On one such occasion, after ­enthusiastically accepting our invitation to be baptized, the Hernandez family—a young husband and wife—accompanied us to the border crossing. The officials took down their names, and we proceeded to the chapel. All was going well until we opened the door to the closet where the baptismal clothing was stored. There were a fair number of choices for men’s clothing, but Brother Hernandez was a large man. After several attempts to put on the largest pants that were there, it became clear that there was nothing even close to a fit among the choices. I began to panic a bit. The border guards had let the Hernandez family cross without papers so they could be ­baptized, but they were very unlikely to accept that justification more than once. I didn’t know what to do.

Suddenly Brother Hernandez pointed to the closet containing the women’s baptismal clothing and asked, “What about that?”

He was pointing to a large, white baptismal gown on the bottom shelf of the women’s section. Not knowing what else to do, I said, “Let’s try it.”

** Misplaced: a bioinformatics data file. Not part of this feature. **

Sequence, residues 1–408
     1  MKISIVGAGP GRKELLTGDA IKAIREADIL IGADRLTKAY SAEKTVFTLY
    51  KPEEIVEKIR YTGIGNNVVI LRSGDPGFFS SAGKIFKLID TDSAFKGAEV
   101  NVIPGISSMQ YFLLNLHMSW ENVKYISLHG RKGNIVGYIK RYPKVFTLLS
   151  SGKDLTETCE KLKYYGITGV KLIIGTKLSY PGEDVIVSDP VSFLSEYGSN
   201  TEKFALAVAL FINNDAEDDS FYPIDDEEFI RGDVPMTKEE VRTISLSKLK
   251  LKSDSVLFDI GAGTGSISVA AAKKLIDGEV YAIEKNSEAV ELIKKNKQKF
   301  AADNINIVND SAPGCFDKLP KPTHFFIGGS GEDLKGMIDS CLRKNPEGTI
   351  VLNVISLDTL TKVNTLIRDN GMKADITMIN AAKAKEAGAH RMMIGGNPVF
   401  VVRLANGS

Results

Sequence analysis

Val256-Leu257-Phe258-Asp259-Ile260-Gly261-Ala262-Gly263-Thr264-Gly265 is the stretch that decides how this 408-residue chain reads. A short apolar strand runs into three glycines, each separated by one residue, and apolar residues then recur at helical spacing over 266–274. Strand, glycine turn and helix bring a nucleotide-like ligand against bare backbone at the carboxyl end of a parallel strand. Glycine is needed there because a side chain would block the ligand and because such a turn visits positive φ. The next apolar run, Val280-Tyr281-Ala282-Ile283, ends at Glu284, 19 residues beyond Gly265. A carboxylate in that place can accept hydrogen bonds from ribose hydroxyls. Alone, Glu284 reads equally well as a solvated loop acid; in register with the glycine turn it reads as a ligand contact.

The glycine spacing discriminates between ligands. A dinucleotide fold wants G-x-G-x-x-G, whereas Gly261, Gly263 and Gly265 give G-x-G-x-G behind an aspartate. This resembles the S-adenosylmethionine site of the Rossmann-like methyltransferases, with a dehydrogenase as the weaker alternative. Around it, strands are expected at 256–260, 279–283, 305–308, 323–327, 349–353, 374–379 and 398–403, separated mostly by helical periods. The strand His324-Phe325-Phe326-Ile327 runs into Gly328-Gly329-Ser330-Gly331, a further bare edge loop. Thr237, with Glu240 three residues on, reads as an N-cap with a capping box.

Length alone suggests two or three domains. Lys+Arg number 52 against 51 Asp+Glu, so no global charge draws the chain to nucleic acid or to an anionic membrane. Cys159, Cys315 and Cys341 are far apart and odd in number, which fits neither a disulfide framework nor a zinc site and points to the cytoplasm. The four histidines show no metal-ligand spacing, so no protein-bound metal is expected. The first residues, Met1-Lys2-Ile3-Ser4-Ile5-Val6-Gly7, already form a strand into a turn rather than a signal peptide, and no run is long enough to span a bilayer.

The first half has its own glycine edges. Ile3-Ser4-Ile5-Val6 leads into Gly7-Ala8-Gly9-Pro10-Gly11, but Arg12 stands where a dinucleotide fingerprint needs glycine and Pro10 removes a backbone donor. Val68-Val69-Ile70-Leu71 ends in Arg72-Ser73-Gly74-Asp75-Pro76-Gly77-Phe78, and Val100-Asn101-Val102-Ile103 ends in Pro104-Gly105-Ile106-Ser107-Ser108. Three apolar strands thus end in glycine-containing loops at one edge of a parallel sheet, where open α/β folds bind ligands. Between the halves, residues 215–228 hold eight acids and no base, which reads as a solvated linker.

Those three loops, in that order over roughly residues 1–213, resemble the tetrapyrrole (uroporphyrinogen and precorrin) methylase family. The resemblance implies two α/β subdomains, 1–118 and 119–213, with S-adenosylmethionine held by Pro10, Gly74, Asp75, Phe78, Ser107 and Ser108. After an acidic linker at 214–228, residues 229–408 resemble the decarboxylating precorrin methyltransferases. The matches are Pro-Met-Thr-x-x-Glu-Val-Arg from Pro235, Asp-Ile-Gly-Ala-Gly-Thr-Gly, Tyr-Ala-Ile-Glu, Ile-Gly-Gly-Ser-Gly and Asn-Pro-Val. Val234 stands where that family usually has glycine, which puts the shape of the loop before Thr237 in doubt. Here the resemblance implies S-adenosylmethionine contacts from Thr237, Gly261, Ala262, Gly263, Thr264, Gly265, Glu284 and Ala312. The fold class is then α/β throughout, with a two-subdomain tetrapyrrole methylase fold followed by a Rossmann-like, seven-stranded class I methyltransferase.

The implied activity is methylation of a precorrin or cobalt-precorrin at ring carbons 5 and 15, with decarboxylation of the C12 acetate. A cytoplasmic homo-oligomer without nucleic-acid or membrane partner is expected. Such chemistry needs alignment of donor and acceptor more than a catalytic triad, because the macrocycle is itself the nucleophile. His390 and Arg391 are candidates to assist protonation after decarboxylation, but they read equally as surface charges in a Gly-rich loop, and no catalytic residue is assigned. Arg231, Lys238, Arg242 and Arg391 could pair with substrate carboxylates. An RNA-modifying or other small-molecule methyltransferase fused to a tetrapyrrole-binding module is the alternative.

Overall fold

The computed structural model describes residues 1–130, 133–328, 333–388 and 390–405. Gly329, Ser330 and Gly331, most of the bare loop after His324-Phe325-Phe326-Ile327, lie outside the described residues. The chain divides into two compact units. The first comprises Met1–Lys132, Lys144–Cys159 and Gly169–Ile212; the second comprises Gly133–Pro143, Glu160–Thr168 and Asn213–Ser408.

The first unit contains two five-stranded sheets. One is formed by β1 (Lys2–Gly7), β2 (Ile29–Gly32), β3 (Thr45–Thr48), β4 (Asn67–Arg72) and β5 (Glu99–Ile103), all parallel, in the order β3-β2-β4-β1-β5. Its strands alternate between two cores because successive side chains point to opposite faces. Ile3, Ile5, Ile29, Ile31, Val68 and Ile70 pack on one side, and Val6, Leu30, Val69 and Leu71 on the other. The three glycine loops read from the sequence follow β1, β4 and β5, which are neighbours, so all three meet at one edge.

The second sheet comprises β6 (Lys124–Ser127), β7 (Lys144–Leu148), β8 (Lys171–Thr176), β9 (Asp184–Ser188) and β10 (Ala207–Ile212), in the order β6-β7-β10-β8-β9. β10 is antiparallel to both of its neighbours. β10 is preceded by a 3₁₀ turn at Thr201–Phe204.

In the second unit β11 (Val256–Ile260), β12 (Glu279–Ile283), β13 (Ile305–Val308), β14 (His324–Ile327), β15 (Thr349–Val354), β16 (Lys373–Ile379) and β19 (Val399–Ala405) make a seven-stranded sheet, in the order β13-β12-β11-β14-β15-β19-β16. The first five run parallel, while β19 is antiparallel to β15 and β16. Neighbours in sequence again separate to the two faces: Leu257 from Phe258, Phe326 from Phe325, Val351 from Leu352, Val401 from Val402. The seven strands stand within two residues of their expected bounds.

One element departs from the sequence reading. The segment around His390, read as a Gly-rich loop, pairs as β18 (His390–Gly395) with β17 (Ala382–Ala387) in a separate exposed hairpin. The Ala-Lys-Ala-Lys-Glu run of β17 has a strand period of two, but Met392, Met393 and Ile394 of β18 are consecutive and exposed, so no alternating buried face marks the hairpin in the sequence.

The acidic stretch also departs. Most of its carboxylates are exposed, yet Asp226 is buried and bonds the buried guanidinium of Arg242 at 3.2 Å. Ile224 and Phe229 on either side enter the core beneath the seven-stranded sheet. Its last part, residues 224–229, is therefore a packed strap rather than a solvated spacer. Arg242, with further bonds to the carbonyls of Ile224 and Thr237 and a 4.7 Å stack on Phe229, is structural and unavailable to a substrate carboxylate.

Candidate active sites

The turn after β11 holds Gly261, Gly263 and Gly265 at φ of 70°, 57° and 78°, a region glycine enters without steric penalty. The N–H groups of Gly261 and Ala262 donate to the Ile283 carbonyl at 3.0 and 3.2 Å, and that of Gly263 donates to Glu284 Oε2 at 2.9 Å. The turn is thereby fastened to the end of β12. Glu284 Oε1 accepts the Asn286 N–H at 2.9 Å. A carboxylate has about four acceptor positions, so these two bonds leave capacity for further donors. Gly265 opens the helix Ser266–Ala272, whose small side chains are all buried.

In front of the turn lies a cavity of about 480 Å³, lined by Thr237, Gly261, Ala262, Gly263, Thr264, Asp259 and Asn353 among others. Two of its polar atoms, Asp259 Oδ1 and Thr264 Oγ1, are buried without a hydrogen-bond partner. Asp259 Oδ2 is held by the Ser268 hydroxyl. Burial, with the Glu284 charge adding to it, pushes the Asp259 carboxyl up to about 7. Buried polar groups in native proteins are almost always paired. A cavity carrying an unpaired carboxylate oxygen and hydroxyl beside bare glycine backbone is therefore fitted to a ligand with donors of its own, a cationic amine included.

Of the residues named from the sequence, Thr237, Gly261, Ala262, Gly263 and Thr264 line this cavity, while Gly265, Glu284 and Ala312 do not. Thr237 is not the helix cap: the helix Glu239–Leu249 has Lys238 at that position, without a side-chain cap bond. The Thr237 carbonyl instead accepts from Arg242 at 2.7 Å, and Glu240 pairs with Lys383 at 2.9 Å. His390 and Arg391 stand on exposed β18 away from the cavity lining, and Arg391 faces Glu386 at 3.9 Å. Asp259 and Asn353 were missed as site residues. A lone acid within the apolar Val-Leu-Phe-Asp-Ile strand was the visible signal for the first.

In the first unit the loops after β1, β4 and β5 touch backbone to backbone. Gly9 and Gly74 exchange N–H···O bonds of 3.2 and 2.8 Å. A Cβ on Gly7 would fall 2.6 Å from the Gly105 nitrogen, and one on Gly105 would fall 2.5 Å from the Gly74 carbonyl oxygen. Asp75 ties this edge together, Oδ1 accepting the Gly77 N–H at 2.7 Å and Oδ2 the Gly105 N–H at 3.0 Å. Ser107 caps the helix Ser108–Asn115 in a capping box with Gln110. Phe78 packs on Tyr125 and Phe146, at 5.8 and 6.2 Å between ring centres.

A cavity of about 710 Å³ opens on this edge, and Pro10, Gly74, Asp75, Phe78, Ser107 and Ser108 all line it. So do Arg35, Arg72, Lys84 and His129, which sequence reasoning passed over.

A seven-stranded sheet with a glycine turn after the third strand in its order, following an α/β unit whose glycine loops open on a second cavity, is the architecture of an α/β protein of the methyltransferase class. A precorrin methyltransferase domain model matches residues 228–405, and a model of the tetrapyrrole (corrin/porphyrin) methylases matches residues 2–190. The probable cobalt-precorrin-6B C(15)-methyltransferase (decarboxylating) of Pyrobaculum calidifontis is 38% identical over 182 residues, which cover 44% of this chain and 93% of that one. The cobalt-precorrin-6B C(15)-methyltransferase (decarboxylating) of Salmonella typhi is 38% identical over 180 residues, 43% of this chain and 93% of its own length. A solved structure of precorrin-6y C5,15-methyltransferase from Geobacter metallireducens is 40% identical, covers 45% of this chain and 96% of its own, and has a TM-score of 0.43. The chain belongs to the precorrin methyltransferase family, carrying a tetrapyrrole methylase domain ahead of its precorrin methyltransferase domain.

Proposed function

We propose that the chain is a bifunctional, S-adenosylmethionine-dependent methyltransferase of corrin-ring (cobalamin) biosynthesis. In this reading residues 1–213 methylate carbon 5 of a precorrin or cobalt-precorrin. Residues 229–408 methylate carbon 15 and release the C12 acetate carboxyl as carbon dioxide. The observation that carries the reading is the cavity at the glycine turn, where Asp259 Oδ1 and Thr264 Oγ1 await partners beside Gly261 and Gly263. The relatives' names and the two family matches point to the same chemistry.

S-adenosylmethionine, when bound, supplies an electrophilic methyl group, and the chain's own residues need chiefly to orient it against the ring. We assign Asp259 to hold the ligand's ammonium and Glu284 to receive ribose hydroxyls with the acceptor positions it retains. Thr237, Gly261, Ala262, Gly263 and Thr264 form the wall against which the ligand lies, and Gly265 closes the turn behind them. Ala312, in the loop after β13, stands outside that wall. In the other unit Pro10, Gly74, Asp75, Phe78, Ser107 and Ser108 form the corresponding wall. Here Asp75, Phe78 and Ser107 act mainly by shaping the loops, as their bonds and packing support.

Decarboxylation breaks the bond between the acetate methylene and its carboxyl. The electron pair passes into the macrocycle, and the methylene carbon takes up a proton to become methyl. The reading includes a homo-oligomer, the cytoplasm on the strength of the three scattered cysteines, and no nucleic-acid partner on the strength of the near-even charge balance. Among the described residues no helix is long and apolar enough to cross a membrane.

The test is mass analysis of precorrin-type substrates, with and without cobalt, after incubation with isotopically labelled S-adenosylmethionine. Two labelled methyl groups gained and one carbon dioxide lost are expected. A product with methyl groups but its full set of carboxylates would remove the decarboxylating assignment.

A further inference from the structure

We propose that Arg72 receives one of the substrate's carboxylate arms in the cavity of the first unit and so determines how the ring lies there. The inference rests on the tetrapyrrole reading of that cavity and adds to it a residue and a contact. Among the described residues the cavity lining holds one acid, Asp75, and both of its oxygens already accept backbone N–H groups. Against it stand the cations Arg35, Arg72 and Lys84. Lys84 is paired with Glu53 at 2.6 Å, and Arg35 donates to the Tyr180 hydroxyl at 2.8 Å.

He and I then retired to the dressing room, where I put on my baptismal clothes. I couldn’t restrain myself from watching out of the corner of my eye to see how things were going with Brother Hernandez. He was struggling mightily to get into the dress, wiggling first this way and then that while tugging on the dress to pull it down.

At that point, I thought to myself, “Brother Hernandez, if you only knew how silly you looked, you would be embarrassed, and you would probably just call off the baptism.”

Immediately a clear voice that was not my own came into my mind. It said: “He knows exactly how silly he looks, and he does not care. He knows God wants him to be baptized, and he is determined to do that no matter how silly he looks to others. You should be embarrassed that you don’t recognize what true courage looks like.”

I have read of dramatic demonstrations of courage, such as Parley P. Pratt’s account of the Prophet Joseph Smith rebuking the guards in the Richmond jail,44 but none has had more of an impression on me than the courage and strength of a humble disciple of Christ that I witnessed that night. Brother Hernandez chose to humble ­himself—to let God prevail—and he was determined to do what God wanted, no matter what the cost. He demonstrated a backbone of humility that continues to inspire me today, forty years later.

“It Takes Both Faith and Courage to Let God Prevail”

So, how do we develop this kind of backbone of humility? We develop it by coming to understand humility more deeply and more accurately and then by choosing to humble ourselves by striving to understand and follow God’s will for us. In his 1989 talk, President Benson gave some specific examples of how this can happen. Listen to see if any of them applies to you: